What is "supervision"?
CMS defines three levels of physician supervision for hospital outpatient departments:
General supervision: The physician or advanced practitioner (AP) must be available by telephone to provide assistance and direction if needed.
Direct supervision: The physician or AP providing supervision must be "immediately available" and "interruptible" to provide assistance and direction throughout the performance of the procedure; however, he or she does not need to be present in the room when the procedure is performed.
Personal supervision: The physician or AP must be in attendance in the room during the procedure.
Overview of CMS's supervision requirements
Chemotherapy and radiation therapy require direct supervision
All therapeutic services are subject to CMS's supervision requirements. Under these requirements, both chemotherapy and radiation therapy require direct supervision in both the hospital outpatient and freestanding settings.
Physicians and APs can provide supervision in hospital outpatient departments
CMS states that a physician or AP, such as a nurse practitioner (NP) or physician assistant (PA), must provide direct supervision of therapeutic services. The person providing supervision must be permitted to do so under state law, scope of practice regulations, and their hospital-granted privileges. In addition, he or she must have sufficient knowledge and training to be able "to furnish assistance and direction, not merely manage an emergency."
While CMS does not specify that radiation therapy services should be supervised by a radiation oncologist, it is the opinion of the American College of Radiology (ACR) that a board-certified/board-eligible radiation oncologist is the clinically appropriate physician to supervise these procedures.
More stringent requirements for radiation therapy in the freestanding setting
CMS's supervision requirements set a higher bar for physician offices and freestanding centers than for hospital outpatient departments for radiation therapy. Whereas CMS allows APs to provide supervision for radiation therapy in hospital outpatient departments, a physician is required to supervise these services in the freestanding setting. This is not the case, however, for chemotherapy supervision in the freestanding setting, which can be performed by either a physician or an AP. Click here to read more about the regulation differences.
With very few exceptions, diagnostic X-ray and other diagnostic tests payable under the physician fee schedule must be furnished under at least a general level of physician supervision and some require direct or personal supervision. The exact type of supervision required depends on Current Procedural Terminology (CPT) or Healthcare Common Procedure Coding System (HCPCs) code and can be found here. CMS maintains that the supervision for diagnostic tests in either the freestanding or hospital outpatient setting must be administered by a physician, not an AP.
Non-enforcement of supervision for critical access hospitals (CAHs) and small rural hospitals
In the CY 2018 HOPPS final rule, CMS has finalized a proposal to reinstate non-enforcement of direct supervision for outpatient therapeutic services for CAHs and small rural hospitals having 100 or fewer beds for CY 2018 and 2019. In other words, if your program qualifies as a CAH or a small rural hospital, there are no formally outlined supervision requirements for 2018 and 2019.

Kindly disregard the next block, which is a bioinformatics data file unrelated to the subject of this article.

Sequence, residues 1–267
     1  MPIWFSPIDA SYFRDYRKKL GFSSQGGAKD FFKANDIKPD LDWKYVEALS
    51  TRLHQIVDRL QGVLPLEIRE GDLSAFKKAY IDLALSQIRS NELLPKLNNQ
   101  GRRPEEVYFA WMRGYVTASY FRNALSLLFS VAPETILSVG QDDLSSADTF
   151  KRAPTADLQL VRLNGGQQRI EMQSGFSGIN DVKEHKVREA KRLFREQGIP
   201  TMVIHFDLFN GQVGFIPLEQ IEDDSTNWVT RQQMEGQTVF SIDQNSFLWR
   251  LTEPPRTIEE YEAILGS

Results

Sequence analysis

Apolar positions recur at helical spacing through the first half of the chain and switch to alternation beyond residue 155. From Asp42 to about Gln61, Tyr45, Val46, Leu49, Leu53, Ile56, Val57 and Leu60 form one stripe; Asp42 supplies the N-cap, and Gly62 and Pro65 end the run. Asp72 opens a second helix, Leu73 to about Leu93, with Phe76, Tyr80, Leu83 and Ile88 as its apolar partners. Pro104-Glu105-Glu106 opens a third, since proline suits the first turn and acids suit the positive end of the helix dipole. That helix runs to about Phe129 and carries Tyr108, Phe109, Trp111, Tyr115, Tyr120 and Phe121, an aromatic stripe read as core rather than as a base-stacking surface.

2016 MPFS clarification of "incident to" billing
In the 2016 MPFS final rule, CMS offered some critical clarifications around its supervision requirements. In the past, there's been confusion about who should be billing for "incident to" services when the physician providing supervision is not the physician who ordered the service. As shown in the graphic below, CMS included new language that states that the supervising provider must also be the billing provider for "incident to" services.
It is also important to note that CMS requires all "incident to" services performed by auxiliary personnel to be done under direct supervision of a physician. Additionally, because "incident to" services must be performed in a non-institutional setting to non-institutional patients, hospitals, off-campus sites owned by hospitals, and provider-based facilities must limit these services to discrete and separately identifiable parts of the facility.
HOP Panel reduces supervision required for multiple cancer-related services
As mandated in the 2012 and 2013 Hospital Outpatient Prospective Payment System Final Rule, the Hospital Outpatient Payment Panel (HOP Panel) will evaluate the supervision requirements for each therapeutic outpatient code. In August, 2012, the HOP Panel made a number of recommendations to CMS to adjust physician supervision requirements for specific services, including many cancer-related services. This committee recommended that several services can safely be provided with general supervision, instead of direct supervision.
Although CMS declined to adopt all of the Panel's recommendations, it did announce a reduction in the minimum required level of supervision for a number of services, including injection/infusion, intravenous, and central venous access services.
What are your peers doing?
During our 2015 Infusion Center Benchmarking Survey, we asked our members how their institutions deal with physician supervision. As shown in the table below, the most common team member providing supervision for infusions is medical oncologists, and many institutions also use APs to provide supervision.
Who provides supervision for chemotherapy?
In our 2016 Radiation Therapy Benchmarking Survey, we asked our members how their institutions deal with physician supervision in their radiation therapy facilities. As shown in the table below, more than 90% of respondents use only radiation oncologists.
Who provides supervision for radiation therapy?
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